The week following the US presidential election was weird. At any point, any conversation with any person could spontaneously collapse into commentary on the aftermath of the news from across the Atlantic. Amongst those in Cambridge to whom I spoke, there was unanimous support for Hillary Clinton; if there were any Donald Trump supporters, they were staying quiet.
But as things tend to go, life goes on. I spent much of the academic part of the week looking up what the current and historical constraints are on dark matter. The present indication is that my project will end up looking at alternate models for dark matter to try and reconcile the ongoing lack of detection (or at least, lack of detection that has the support of most physicists). I was also still attending lectures. One particular course that has struck my fancy is Symmetries, Fields and Particles. It looks in detail at the structure and composition of Lie Algebras, something which is necessary to understand and develop new theories of particle physics.
Of course, the most interesting things happen away from the day-to-day routine of working in the department. On Wednesday, a parcel from home arrived. This contained five items: one pair of cycling shoes and three shirts. The shirts were for refereeing football, to look a little more professional. The shoes were a much awaited delight. My original expectation was to get my road bike delivered when my parents visit around Christmas, but the anguish of wanting to go cycling was getting to me. So in the meantime, my plan is to use my commuting bike for exercise rides. It has the form of a race bike, but is a fair bit heavier and has mudguards, panniers and wider tyres, and so is more suited to the winter months anyway. Problem was, one needed special shoes and pedals to cycle longer distances more efficiently. That is why I had them sent over.
On my way back from picking up my shoes from the Royal Mail collection office, I stopped by a bike store to buy some new special pedals for my bike. While I was there, I also bought a winter undershirt to keep me warm. I got home eagerly, but when it came time to change over the pedals, there was a problem. First, I needed some grease to lubricate the thread of the new pedals. Lacking any, I had to go out to Halfords to get some. On my return, I encountered another problem: the pedals needed a spanner to remove them, but I only had Allen keys. That meant another trip out to Halfords. Whilst browsing the spanners, I was drawn to a toolkit which contained many additional cycling tools, some that I’d used previously and others I hadn’t. So I ended up returning home with the set, knowing that in future I’d probably end up using some of the others. While I was there, I also got myself a new Garmin GPS bike computer. This was a bit of an investment, as it was something I’d toyed with for a number of years. I ended up with it because I know that English roads are notoriously difficult to navigate on a bike. Seemingly inconspicuous lanes can go long distances out of town and are poorly signposted.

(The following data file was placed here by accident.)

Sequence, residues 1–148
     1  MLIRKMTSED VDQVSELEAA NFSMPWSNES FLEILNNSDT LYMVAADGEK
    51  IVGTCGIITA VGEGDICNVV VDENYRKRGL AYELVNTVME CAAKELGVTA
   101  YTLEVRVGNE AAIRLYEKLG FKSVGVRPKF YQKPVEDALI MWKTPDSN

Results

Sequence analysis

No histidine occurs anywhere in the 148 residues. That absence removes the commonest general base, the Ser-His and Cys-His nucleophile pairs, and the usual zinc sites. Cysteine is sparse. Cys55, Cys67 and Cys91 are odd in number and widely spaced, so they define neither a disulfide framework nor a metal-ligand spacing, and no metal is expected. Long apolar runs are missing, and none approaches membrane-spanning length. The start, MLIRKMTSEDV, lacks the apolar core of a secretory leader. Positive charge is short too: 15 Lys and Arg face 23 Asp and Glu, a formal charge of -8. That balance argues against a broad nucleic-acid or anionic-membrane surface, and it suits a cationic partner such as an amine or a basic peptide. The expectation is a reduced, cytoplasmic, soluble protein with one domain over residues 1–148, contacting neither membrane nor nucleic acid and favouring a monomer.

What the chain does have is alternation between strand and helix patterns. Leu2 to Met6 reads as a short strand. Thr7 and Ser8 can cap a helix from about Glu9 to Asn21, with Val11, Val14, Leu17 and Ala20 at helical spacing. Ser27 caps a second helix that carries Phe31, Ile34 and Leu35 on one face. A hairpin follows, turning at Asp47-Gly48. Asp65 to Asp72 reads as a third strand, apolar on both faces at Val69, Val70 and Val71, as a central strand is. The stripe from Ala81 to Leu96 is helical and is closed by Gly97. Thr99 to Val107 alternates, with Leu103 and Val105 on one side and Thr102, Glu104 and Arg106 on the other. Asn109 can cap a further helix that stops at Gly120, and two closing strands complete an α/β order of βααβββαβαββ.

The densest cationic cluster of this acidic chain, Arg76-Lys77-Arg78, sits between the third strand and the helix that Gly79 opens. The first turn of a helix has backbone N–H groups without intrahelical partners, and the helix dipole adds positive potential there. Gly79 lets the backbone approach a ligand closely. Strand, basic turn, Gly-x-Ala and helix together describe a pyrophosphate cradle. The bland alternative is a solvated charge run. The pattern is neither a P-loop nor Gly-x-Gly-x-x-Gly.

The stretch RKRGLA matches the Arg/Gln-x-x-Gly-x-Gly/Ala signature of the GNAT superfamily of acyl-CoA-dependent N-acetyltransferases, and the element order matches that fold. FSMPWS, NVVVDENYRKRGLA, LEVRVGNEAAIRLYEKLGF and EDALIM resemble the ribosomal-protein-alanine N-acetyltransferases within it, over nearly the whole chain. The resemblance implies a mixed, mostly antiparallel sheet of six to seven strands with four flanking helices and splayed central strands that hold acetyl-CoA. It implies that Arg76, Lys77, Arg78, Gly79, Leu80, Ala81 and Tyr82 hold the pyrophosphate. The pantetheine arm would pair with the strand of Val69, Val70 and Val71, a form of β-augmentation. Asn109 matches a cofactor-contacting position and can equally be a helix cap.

Once I made it home, and was able to remove the pedals, and was able to go out for a ride. By this time, it was dark, but I had lights. I intended to go out towards Girton and around to Chesterton, but I missed the turn-off and ended up coming back around the east side of Cambridge. It wasn’t until the weekend that I managed a full ride. On Sunday morning, I rode out to Cherry Hinton, and up over the Limekiln hill. It wasn’t hard by any standards, but it was very nice to get out in the countryside after a month in the city. Plus there were some beautiful views from the 70m elevation. I returned via Fulbourn and around the Cambridge Airport in a rather pleasant 22 km loop
The other highlight of the week was on Friday night, where I met with Annalise, Jake and Paul, all other Gates Scholars, for formal hall at Trinity College. It was a surreal experience. We had pre-dinner drinks in a small room to the side, all dressed up in gowns and formal-wear. To my delight, pre-dinner drinks included apple juice, a local variety from what I gathered. When it was time, we joined the queue of people heading into the dining hall. Immediately after I entered, I looked up to see a large portrait of King Henry VIII hanging above the fellows table. We were seated along four dimly lit tables. Some were benches; others were plastic chairs. Grace was presented in Latin, though was almost udible from where we were sat. All up, we were served three delicious courses. Our entrée was roasted tomatoes and sourdough bread, which I ate slowly and carefully, savouring every moment. Mains was pork tenderloin, with Gorgonzola sauce. A lentil and kale salad was also served in the centre of the table, which I tried, but wasn’t amazed by. The pork, on the other hand, was delicious. Which was especially good since the amount of pork in England is far greater than I normally have back home, where we eat a lot of beef instead. The fellows left before desert, to their secret room out the back. In the meantime, we were treated to a vanilla pannacotta topped with a strawberry.
After dinner, we went (briefly) to the Trinity bar, but it didn’t have quite the atmosphere that I had hoped for, so instead, Annalise showed me to the Trinity College chapel, a mastery in ecclesiastical architecture, and then returned me my spare bike lock, something that had been weighing on her mind for near on a month.
Finally, a word on football. Darwin’s MCR team (in which I play) had a bye this week. So I only had one game; refereeing a game between Trinity Hall and Cambridge University Press, hosted at the well-kept Trinity Hall sports grounds. It was a rather straightforward game, compared to some, with several goals going each way.